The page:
Understand Rap: Explanations of Confusing Rap Lyrics You & Your Grandma Can Understand By William Bucholz

William Bucholz’s note at the beginning of Understand Rap says “…the intention of this book is not to poke fun at rap music. Rather, it is to highlight some of the more creative artists and lyrics in the genre today and to bring a basic understanding of concepts and themes in rap music to the attention of an audience who may not otherwise be exposed to these lyrics or give them a second thought.

Aloe Blacc - Good Things

On his debut solo album, Shine Through, Orange County native Aloe Blacc combined elements of soul music with some new-school hip hop, working with producers such as Madlib and Oh No. On his sophomore effort, Blacc created an organic throwback soul record that achieves the rare feat of sounding dated and relevant at once. This is in large part to the political awareness of songs such as “I Need a Dollar,” “Miss Fortune,” and “Life So Hard.

2Mex - My Fanbase Will Destroy You

If you watch the documentary This is the Good Life: How The West Was One, there is a segment at the end of the film where different emcees involved with the L.A. underground hip hop scene are contemplating how their careers panned out since the years that they cut their chops at an open mic night at the Good Life Health Food Centre. Some are bitter that others copped their style and became more famous, while others wonder if it was ever meant to be.

Ghost Mutt - Sasquatch EP

Sometimes it feels like with the accelerated clip with which we encounter music in the information age, we can get bogged down in mediocrity. This is true to some extent, but it also means that every once in a while you can come across a scene that you wouldn’t have discovered otherwise and become completely energized. Case in point: Lowrider Recordings. A collective of artists from Rotterdam in the Netherlands, who have come together over a love of bass, my ears have perked up with possibilities.

Coco Bryce - Dis Cam Belie

Right on the heels of their debut release, the Lowriders Collective come back with another EP, this time courtesy of Netherlands-based Coco Bryce. Bryce contributed a remix on the first Lowriders release from Ghost Mutt, and now it’s his time to shine. This is Bryce’s first solo EP, and he quickly establishes himself as a beatmaker to know. Much like Ghost Mutt, he bridges genres, combining hip hop, funk, dubstep, glitch, and skweee, a style of music popular in Scandinavia that derives it’s name from trying to squeeze all the sounds you can out of old synthesizers.

Declaime - Dr. Shrooman aka Black Tripper (Prod. Koyto)

This has been a busy year for Declaime. After releasing a full-length solo album and a collaboration with Georgia Anne Muldrow, he comes back with his third album, this time with Spanish producer Koyto. This release is a natural continuation of the psychedelic hip hop fonk (the name of his last effort and a nice description of the funk that is heavy and uplifting all at once) he’s been laying down all year.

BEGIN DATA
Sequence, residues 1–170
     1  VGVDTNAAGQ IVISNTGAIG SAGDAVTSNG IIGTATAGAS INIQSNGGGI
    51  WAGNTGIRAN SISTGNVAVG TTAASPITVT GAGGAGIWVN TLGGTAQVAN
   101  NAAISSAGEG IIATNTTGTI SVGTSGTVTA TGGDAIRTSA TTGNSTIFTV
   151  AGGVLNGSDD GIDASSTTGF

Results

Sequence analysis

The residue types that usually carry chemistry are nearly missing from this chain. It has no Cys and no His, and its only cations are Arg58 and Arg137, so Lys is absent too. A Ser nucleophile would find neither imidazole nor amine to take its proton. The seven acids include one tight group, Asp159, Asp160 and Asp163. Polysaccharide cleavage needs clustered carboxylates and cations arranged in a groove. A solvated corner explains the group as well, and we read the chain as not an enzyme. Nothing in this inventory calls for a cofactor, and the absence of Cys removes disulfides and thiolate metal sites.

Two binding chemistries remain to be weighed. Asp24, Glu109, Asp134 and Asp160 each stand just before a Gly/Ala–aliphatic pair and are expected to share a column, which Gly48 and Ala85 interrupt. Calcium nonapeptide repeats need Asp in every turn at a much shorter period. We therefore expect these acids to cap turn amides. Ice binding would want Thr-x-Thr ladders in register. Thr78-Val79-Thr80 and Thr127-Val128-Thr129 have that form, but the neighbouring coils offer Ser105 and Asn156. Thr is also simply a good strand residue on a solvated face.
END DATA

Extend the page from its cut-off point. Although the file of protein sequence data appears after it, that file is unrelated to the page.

The Anothology of Rap - Edited by Adam Bradley and Andrew DuBois

By now, you’ve probably read the Slate article documenting the numerous transcription errors in this book (If not, you can read it here). Paul Devlin does an excellent job in not only pointing out the mistakes made, but showcasing how difficult it can be to decipher the many layers of meanings in the lyrics of different emcees. This leads me to more questions regarding the contents and layout of the book, but I don’t want to get ahead of myself.

Kno - Death is Silent

Is goth hip hop a label that’s been thrown out there? I’m personally having a hard time thinking of anybody that I would describe in such a fashion, but listening to the debut solo album from Kno of Cunninlynguists is a very dark experience. The title is enough to ponder as is the art work, which features a black and white drawing of a young woman crying. I’m racking my brain trying to think of what to compare this to, but I’m drawing a blank.

Various Artists - Night Owls 5: Bird Flu

It’s interesting to come across a good compilation these days. You see plenty of collections of older recordings put together, but you don’t see that many label or regional compilations put together for the sake of promoting a scene. The only one that comes to mind is Casual Victim Pile, the Austin punk/garage compilation put out by Matador Records. I’m sure there are others, but it seems like more of a dying piece of record collecting and promoting.

Opolopo - Voltage Controlled Feelings

Sometimes a record is just so damn enjoyable from start to end that nothing else matters. I’ll delve into more details as to the construction of the album and where it fits in and all that good stuff, but first I just want to tell you that it was a straight-up pleasure to listen to this album. What was my first reaction to this record? “This is fun!” What do I think now that I’ve had a chance to listen to it several times and really digest it?